Gov. Kathy Hochul vowed Wednesday to nominate “a thoughtful individual” to lead New York’s highest court and the state judiciary branch.
Hochul’s nominee to the state Court of Appeals is subject to state Senate confirmation. The process is expected to be a closely watched one in New York political and legal circles as progressive advocates and Democratic state lawmakers have raised concerns over court rulings in recent months they believe have tilted the court to the right on criminal justice issues.
But the governor gave little away as to what qualities she is looking for in a nominee to replace Chief Judge Janet DiFiore, who is set to retire at the end of August.
“I want to get the best jurist I can find in the state of New York regardless of any predispositions,” Hochul said. “A judge is expected to look at every case that comes before them with a balanced eye.”
Hochul is still waiting for the initial steps of the process to play out before she makes a decision. New York’s judicial nominating commission will propose a slate of potential candidates for Hochul to pick from to replace DiFiore.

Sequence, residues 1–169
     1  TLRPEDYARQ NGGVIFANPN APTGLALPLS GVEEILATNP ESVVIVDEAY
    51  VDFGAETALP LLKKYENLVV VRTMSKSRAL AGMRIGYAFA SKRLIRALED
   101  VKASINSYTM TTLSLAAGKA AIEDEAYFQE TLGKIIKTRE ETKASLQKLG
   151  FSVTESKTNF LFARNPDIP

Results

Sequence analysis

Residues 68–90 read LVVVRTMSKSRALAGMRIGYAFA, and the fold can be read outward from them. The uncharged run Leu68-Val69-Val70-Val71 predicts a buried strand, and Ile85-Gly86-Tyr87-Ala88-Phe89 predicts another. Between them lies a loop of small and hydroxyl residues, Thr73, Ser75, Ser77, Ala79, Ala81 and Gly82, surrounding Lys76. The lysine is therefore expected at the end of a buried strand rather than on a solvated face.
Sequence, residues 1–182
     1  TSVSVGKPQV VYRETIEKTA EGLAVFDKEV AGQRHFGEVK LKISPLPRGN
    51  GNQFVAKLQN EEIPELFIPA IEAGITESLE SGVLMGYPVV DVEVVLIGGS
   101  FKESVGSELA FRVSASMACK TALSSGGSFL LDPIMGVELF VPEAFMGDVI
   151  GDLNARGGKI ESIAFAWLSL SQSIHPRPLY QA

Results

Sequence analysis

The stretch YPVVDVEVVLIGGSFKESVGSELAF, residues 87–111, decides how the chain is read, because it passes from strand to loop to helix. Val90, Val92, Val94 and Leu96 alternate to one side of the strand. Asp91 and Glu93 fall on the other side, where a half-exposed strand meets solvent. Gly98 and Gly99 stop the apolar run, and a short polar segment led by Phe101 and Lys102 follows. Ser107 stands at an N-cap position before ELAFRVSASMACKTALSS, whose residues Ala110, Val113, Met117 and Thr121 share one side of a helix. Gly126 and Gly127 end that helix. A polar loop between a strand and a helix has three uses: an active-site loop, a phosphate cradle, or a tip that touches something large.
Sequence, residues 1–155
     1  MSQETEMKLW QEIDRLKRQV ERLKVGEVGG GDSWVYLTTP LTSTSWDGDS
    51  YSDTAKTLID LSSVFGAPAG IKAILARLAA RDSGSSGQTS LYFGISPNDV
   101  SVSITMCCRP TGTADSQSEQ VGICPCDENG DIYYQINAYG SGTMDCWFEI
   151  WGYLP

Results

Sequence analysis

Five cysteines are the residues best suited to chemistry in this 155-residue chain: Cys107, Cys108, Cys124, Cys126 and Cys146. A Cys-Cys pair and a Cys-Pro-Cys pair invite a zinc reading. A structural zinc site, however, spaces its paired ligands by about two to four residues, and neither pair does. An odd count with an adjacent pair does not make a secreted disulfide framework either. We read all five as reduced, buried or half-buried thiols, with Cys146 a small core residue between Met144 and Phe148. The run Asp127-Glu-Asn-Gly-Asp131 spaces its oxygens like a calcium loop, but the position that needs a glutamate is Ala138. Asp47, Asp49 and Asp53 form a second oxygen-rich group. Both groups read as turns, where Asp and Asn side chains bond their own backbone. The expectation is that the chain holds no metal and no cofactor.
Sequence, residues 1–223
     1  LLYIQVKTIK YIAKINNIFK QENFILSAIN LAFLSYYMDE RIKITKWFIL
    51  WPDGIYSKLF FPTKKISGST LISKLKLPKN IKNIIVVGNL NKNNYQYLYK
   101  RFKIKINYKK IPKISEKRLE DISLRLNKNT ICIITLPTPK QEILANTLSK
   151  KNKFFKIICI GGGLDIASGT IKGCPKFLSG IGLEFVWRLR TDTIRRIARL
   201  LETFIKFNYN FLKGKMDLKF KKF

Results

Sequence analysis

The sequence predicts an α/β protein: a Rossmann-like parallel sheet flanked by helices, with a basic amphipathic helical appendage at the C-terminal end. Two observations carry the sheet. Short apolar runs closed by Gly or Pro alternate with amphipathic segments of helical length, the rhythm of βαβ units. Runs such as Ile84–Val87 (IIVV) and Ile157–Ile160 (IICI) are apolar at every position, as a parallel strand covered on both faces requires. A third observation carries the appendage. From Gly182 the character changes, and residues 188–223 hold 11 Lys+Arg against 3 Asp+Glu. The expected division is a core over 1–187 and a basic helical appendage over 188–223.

Hochul pointed to the recent U.S. Supreme Court ruling that overturned the Roe v. Wade decision, saying justices who did so had a “predisposition” to do so.
“I’m going to find someone who is a thoughtful individual, someone who is well-regarded in the legal community,” she said.
Some Democratic lawmakers and criminal justice advocates are urging Hochul to not select a former prosecutor for the chief judgeship. State Sen. Jessica Ramos in a statement said she wanted the nominee to help “reset” the court on key issues.
“Right now, New York’s legislature is leading the national debate on many fronts – workers’ rights, tenants’ rights, and reproductive justice to name a few,” Ramos said. “We can protect the important work we’ve done by building a bench that reflects our state’s diversity and progressive values. I look forward to seeing the slate of nominees and building consensus with my colleagues around the nominee who will best serve New York.”
Hochul, meanwhile, did not comment directly on the investigation facing DiFiore by the state’s main judicial watchdog entity. Instead, she pointed to DiFiore’s efforts to shift the court to remote work during the COVID-19 pandemic.
“She presided over a profoundly challenging time,” Hochul said.